In 2006, China introduced a 5% tax on disposable wooden chopsticks to reduce demand for wooden chopsticks to preserve their shrinking forests. This is a classic ‘Pigovian’ tax as the Chinese government wants to change consumer behavior (encourage people to eat with reusable, plastic chopsticks instead of traditional ones) and not raise tax revenue. Ironically, during the Sars epidemic in 2003, the Chinese government encouraged the use the disposable chopsticks as they helped to stop the spread of disease and promoted better public hygiene.
Every year China manufactures 80 billion single-use wooden chopsticks, which involves clearing 25 million trees. China is the world’s largest maker of disposable chopsticks, with more than 300 factories employing about 60,000 workers. Deforestation of this scale is not sustainable, and the Chinese Government is naturally concerned about the environmental damage.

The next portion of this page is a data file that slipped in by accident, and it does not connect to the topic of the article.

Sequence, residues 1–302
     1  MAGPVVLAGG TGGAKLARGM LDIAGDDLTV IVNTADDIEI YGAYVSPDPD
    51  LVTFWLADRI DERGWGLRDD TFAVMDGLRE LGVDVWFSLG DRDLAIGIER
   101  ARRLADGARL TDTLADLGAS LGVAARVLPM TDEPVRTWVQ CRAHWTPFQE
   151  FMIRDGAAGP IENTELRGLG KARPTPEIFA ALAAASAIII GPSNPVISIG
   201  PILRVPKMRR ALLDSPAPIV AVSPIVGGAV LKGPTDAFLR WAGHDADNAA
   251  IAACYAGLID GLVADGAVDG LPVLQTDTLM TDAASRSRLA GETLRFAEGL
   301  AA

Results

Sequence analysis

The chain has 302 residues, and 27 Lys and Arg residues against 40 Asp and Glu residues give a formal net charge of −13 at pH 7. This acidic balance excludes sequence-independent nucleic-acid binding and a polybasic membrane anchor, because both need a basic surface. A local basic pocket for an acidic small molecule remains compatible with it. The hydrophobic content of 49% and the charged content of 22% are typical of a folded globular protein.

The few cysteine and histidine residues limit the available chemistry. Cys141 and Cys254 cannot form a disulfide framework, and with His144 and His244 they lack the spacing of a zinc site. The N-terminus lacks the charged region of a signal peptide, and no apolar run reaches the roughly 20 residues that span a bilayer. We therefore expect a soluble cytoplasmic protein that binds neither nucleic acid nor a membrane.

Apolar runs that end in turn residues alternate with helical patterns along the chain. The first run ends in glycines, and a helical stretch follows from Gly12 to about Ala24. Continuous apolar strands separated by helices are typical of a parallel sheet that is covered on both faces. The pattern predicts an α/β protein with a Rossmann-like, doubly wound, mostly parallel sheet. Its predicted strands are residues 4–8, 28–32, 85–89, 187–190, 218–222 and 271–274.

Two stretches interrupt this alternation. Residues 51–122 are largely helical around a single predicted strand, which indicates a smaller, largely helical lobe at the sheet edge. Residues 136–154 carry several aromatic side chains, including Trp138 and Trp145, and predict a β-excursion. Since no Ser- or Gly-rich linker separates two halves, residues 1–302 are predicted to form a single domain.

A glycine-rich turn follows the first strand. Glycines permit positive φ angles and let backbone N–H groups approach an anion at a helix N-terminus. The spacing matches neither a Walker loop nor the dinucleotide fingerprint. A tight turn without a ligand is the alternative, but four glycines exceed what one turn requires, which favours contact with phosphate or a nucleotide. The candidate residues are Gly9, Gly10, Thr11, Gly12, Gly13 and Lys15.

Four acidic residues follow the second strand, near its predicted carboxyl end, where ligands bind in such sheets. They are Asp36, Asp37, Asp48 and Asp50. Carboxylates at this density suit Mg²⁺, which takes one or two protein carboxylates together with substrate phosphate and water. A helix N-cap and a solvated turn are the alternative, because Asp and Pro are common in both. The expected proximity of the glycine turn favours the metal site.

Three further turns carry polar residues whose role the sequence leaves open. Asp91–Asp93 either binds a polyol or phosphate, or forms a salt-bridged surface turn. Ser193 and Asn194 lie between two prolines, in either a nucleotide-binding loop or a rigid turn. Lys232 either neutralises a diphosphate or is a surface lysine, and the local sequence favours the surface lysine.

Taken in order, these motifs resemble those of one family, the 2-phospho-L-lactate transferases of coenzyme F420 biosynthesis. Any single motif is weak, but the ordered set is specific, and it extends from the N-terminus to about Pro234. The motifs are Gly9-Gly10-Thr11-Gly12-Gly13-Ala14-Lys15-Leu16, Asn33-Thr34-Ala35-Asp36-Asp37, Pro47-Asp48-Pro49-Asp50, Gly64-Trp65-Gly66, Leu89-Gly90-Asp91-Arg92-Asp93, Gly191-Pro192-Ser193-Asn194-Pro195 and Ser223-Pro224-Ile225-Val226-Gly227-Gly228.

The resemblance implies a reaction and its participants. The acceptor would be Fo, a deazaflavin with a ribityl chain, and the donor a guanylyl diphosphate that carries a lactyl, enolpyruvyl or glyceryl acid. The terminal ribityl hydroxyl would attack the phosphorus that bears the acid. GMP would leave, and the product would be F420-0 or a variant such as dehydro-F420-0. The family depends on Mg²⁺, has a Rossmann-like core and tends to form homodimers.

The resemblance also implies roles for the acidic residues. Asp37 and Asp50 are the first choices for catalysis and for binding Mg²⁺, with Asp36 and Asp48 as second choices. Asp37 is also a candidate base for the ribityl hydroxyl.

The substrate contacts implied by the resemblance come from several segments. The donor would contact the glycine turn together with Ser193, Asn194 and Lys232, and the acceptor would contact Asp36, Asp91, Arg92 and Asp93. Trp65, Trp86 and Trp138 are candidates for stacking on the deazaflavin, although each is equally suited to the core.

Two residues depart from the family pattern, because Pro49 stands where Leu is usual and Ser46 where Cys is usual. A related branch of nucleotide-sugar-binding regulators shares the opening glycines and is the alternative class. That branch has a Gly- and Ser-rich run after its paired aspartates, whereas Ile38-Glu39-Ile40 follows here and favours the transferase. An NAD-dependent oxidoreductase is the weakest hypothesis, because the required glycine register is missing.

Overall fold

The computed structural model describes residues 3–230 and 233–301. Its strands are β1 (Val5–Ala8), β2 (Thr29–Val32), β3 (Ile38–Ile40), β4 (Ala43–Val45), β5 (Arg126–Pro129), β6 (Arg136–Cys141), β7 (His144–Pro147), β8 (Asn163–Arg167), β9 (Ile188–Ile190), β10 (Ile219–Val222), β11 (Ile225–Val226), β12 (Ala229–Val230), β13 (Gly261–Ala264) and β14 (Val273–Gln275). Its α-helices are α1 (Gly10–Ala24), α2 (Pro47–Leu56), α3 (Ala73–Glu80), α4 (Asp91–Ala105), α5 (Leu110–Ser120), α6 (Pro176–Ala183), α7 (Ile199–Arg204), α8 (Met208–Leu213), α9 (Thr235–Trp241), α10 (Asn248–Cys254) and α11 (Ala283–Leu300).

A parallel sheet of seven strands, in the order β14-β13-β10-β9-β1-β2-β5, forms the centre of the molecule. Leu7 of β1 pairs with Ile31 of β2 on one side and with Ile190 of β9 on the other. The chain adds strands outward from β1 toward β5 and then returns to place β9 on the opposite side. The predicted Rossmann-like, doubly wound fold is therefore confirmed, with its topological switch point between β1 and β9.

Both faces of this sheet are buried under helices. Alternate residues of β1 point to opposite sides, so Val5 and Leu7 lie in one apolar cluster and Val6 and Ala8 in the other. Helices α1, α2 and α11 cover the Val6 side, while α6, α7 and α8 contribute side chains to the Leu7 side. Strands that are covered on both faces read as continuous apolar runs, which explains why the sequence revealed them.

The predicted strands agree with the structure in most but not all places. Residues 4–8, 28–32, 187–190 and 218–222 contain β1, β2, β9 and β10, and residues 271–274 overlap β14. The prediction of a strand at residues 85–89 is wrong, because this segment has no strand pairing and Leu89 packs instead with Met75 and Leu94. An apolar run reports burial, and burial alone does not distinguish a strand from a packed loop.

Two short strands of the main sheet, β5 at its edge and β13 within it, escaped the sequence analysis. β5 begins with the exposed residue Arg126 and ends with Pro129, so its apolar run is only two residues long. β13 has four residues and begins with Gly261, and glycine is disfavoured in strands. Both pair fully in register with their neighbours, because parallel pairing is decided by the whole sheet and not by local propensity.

China exports fifty per cent of the manufactured chopsticks to Japan, Korea, and the United States. Japan consumes 25 billion disposable chopsticks per year (97 per cent from China), with the average Japanese using four pairs per week. Chinese chopstick exporters responded to the 5% tax by slapping a 30% price hike.
Chopsticks are eating utensils consisting of two sticks made of wood, metal, or ceramics. The first chopsticks were tools for cooking and serving food, not as an eating utensil. Serving chopsticks have been excavated from the Ruins of Yin near Anyang (Henan) and dated to 1200 BCE—chopsticks as an eating utensil date back to the Han dynasty (202 BC – 220 AD).